The jet passengers were making an early-bird visit to the developing Gruyere and operating Granny Smith gold mines in the northeastern Goldfields on August 5, marking the start of the annual pilgrimage to Kalgoorlie-Boulder for the famed Diggers and Dealers mining forum.
Joint venture partners Gold Fields and Gold Road Resources are developing a A$621 million mine at Gruyere, on the underexplored Yamarna Greenstone Belt, to target the six-million-ounce deposit discovered by Gold Road.
With annual output of 270,000 ounces over a mine life of 13 years, Gruyere will be the largest gold mine developed in Australia since the opening of Tropicana in 2013, when it starts producing first gold in next year's June quarter.
The JV partners were forced to increase the budget last week after heavy rainfall in February impacted operations, but the scale and mine life of Gruyere meant the cost blowout was largely absorbed by investors.
On-site at Gruyere there are 480 workers and construction is 61% complete.
In a breakdown of the numbers; 17,883 cubic metres of concrete from 20,200 cubic metres has been poured, 42,405m of overland pipes have been laid, 632 poles erected and 97.8km of powerlines have been strung.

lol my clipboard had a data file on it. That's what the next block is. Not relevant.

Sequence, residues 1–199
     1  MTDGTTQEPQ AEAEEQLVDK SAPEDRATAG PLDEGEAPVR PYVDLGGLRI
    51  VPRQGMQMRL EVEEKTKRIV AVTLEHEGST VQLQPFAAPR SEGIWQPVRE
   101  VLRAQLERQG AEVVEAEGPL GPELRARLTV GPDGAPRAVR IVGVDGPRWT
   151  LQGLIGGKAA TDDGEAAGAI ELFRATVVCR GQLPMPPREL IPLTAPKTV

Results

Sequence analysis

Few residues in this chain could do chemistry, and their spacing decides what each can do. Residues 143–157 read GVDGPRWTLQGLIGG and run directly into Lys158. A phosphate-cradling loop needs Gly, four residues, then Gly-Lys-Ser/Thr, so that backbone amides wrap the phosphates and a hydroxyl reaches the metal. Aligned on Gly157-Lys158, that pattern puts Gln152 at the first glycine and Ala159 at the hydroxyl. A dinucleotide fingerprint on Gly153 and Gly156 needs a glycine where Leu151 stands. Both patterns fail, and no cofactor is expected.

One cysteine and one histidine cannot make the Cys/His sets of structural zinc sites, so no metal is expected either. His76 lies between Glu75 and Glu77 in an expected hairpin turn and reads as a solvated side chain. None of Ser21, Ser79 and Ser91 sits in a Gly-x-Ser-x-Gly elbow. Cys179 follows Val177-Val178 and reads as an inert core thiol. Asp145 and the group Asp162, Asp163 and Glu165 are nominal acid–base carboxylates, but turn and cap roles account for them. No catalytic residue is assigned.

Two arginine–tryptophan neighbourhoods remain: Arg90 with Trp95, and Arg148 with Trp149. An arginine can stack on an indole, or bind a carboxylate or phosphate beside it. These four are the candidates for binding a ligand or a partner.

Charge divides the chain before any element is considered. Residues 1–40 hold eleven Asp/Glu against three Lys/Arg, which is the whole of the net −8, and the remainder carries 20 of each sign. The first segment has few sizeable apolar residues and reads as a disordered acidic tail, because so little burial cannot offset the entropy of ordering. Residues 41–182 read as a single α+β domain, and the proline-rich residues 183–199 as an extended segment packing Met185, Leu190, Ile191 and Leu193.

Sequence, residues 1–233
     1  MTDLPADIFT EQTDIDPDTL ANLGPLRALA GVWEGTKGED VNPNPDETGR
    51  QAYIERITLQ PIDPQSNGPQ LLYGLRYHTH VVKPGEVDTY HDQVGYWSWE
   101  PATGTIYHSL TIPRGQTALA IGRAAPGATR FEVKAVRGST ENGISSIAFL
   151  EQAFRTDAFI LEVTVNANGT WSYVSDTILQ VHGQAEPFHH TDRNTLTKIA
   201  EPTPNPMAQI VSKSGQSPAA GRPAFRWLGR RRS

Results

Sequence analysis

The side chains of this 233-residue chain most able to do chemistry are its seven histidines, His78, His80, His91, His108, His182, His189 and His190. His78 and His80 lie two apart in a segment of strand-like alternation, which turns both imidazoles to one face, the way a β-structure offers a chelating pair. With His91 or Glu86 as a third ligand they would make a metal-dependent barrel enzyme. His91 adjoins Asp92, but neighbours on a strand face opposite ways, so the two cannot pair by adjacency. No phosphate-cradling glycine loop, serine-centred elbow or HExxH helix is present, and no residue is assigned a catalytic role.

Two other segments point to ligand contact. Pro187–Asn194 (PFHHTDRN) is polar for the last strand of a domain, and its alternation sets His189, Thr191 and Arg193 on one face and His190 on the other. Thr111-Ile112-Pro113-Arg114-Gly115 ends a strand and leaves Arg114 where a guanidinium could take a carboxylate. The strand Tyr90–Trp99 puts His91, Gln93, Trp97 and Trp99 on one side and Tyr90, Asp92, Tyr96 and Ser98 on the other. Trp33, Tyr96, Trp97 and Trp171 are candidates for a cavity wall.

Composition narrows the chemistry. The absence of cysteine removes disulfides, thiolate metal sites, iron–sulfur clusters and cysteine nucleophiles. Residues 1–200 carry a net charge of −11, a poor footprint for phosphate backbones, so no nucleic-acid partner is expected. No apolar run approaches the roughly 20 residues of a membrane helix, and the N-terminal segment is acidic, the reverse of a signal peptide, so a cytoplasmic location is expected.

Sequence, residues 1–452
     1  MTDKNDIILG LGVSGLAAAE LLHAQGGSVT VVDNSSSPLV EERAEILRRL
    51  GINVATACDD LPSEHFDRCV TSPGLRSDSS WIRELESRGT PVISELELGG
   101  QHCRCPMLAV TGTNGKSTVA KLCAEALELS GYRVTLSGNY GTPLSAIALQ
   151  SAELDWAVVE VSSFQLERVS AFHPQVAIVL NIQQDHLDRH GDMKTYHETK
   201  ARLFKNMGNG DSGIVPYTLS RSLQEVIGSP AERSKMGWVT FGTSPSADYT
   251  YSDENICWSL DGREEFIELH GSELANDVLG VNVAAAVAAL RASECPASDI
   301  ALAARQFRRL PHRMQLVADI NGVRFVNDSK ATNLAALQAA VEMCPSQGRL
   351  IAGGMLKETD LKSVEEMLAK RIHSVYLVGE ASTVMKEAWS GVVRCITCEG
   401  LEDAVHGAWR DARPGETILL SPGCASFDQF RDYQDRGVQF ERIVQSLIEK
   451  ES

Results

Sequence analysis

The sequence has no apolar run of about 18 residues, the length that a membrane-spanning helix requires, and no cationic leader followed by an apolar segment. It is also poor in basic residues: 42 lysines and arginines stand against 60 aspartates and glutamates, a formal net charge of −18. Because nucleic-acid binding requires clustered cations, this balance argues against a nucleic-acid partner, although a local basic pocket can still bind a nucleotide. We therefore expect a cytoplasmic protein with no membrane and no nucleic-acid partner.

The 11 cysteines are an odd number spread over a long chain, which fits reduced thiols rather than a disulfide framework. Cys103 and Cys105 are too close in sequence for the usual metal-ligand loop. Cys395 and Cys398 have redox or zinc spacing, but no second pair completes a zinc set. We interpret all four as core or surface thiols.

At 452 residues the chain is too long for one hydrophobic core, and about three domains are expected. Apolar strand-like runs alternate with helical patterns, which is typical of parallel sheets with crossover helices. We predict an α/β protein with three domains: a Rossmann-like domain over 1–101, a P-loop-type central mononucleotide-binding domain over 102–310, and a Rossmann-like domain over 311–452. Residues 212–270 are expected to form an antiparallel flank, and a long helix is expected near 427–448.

In addition, 920 tonnes of tanks, 405t of steel and 107t of chutes, bins and hoppers have been installed.
Overall engineering at Gruyere is 94% complete, and engineering, procurement and construction work is 39% complete.
According to Gruyere general manager of geology John Donaldson, once finished the Gruyere pit will be bigger than the Perth CBD.
Donaldson told MNN that while Gruyere was about nine months away from production, the $23 million exploration budget over extensive and prospective exploration tenements would hopefully going to unlock greenfields discoveries.
The reporter travelled to Gruyere as a guest of Gold Road and Gold Fields.